Sunday, April 18, 2010

Create An XSD

In a post I wrote back in September about why I dislike TableAdapters (see TableAdapters Are Crap), I mentioned that the TableAdapter wizard puts a lot of excess stuff in your .xsd that doesn’t belong there. So, how do you avoid that? Well, first you’ve got to have already created an .xsd. I’ll show an easy little utility you can write yourself to use to do this.

Secondly, you’ve got to avoid using the DataSet Designer in such a way that it puts all that excess stuff into your .xsd. How do you do that? That’s pretty easy actually … as long as you don't open an .xsd with the DataSet Designer, but open it with the XML Editor instead, you won't have to worry about getting all the extra stuff for support of TableAdapters generated in your .xsd (it's not the opening, but the saving of changes that generates the code).

So, use the code I’ll show you in a moment to create an .xsd. Then, simply add that .xsd to your DataSet project, right-click on the .xsd and choose "Run Custom Tool". This is what will generate the Typed DataSet for you. If that option doesn't show up in your context menu, choose Properties instead and type "MSDataSetGenerator" in the Custom Tool property. After that, any time you make a change to the .xsd in the XML Editor and save the change, the Typed DataSet gets regenerated.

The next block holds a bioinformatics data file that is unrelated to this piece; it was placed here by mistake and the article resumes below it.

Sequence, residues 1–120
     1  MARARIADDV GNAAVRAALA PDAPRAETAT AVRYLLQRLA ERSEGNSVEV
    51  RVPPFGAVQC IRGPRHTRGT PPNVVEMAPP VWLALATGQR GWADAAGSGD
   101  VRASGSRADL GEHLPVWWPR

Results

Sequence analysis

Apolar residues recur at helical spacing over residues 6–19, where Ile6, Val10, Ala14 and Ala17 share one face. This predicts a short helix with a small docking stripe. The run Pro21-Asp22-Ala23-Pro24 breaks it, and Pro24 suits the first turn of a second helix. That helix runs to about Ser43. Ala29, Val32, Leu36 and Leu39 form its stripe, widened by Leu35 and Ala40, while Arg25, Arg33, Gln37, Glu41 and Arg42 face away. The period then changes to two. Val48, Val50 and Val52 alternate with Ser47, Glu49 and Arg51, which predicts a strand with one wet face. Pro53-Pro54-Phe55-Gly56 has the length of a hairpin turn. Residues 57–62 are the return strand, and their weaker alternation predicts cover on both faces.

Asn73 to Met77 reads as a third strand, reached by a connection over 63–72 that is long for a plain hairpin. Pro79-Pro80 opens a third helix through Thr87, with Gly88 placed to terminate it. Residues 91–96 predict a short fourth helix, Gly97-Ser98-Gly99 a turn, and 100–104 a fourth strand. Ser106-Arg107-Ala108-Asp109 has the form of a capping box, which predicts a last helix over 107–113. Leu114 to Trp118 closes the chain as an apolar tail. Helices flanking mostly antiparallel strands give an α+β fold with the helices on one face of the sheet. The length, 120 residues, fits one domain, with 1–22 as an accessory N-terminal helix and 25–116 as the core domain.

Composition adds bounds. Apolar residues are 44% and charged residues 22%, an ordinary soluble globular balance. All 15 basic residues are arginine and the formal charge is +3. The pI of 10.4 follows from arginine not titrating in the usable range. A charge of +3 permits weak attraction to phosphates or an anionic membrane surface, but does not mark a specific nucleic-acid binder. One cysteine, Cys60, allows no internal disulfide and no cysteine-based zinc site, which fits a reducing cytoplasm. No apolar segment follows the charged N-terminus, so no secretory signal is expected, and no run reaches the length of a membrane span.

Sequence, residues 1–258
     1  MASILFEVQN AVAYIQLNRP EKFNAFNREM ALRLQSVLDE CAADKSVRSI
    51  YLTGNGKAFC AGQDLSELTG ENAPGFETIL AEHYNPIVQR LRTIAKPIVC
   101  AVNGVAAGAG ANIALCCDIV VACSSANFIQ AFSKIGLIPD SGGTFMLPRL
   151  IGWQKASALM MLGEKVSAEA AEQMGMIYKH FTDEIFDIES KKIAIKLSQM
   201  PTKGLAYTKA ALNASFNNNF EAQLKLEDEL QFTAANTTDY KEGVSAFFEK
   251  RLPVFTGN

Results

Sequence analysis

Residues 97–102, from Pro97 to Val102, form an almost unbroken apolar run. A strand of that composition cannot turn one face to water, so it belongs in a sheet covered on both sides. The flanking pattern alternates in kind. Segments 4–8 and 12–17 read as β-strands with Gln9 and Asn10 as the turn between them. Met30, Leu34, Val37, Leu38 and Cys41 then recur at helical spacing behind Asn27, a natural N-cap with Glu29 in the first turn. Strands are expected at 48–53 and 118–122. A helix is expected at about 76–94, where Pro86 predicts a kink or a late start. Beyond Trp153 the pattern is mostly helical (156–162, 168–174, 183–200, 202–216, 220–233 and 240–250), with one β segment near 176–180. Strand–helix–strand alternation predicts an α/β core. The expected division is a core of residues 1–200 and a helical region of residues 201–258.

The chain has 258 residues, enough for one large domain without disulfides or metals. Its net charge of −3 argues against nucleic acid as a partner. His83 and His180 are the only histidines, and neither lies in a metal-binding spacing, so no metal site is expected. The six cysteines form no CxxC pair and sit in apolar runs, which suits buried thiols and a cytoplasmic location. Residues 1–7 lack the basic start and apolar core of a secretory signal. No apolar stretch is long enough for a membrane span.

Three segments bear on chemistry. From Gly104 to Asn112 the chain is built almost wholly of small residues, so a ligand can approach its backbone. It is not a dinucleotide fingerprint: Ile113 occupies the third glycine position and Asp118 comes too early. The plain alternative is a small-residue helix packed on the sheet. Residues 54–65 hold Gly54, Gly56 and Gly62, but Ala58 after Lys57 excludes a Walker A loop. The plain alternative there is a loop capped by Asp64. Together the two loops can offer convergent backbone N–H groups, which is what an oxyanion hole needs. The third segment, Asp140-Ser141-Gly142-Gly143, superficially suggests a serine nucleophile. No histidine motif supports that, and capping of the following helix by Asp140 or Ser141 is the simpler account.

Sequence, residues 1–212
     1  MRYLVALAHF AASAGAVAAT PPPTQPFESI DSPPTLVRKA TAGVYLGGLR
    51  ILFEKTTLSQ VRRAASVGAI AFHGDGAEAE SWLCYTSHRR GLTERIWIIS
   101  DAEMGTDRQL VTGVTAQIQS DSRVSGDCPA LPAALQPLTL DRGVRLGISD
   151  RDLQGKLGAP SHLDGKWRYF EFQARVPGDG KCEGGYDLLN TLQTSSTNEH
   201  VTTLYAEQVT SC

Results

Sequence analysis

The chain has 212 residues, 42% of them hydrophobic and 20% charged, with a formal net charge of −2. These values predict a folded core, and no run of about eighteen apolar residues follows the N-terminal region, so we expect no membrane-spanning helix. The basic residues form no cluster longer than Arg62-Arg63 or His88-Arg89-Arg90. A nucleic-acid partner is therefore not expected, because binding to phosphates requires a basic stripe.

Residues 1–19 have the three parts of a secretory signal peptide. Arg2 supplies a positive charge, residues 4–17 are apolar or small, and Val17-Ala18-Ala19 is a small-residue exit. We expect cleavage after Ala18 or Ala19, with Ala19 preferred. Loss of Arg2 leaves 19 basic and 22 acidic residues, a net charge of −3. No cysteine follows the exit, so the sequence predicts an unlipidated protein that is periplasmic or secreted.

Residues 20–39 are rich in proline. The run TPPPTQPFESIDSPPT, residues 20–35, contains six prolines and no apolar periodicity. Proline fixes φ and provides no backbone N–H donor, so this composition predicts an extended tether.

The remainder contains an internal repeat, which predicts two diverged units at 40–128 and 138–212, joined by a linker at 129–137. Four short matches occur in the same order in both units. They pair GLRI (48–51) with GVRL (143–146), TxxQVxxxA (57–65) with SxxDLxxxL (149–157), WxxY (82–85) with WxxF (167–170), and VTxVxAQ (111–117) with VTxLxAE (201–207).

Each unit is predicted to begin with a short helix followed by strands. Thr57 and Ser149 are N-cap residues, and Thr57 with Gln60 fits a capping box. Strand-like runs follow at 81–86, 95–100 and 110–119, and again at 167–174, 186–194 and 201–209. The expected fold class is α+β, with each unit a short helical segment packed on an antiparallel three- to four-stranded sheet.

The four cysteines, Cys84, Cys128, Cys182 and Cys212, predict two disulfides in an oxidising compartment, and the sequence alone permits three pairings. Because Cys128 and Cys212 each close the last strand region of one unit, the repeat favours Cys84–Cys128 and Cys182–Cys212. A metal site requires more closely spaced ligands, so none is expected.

Now, on to the code … this example is fairly simple but quite usable. You can make it more robust if you want to (for example, add code to find other SQL Servers rather than use only a default) . Create a Form, put 3 textboxes and a button on it. Don’t forget that you need to add a “using System.Data.SqlClient;” in order to use the SQL stuff.

public partial class FormCreateXsd : Form
private string TestConnection = "server=(local);uid=sa;pwd=MyPassword";

public FormCreateXsd()

private void CreateDataSet()
// set up the connection with the database name
string connectionString = this.TestConnection + ";database=" + this.txtDatabaseName.Text;

// set up the Sql Command and DataAdapter with the Stored Proc name
SqlCommand sc = new SqlCommand(this.txtStoredProcName.Text, new SqlConnection(connectionString));
sc.CommandType = CommandType.StoredProcedure;
SqlDataAdapter da = new SqlDataAdapter(sc);

// set up the DataSet with the DataSet name
DataSet ds = new DataSet();
string[] parts = this.txtDataSetName.Text.Split('.');
ds.DataSetName = parts[0];

// and fill the DataSet

// set the filename and write out the schema
string filename = this.txtDataSetName.Text;
if (parts[parts.Length - 1].ToLower() != "xsd")
filename += ".xsd";
MessageBox.Show(filename + " successfully created");
catch (Exception ex)
string msg = ex.Message;
if (ex.InnerException != null)
msg += "\r\n" + ex.InnerException.Message;
MessageBox.Show("The following error occurred: " + ex.Message);
private void button1_Click(object sender, EventArgs e)
if (this.txtDatabaseName.Text == "" || this.txtDataSetName.Text == "" || this.txtStoredProcName.Text == "")

That’s it. Happy coding!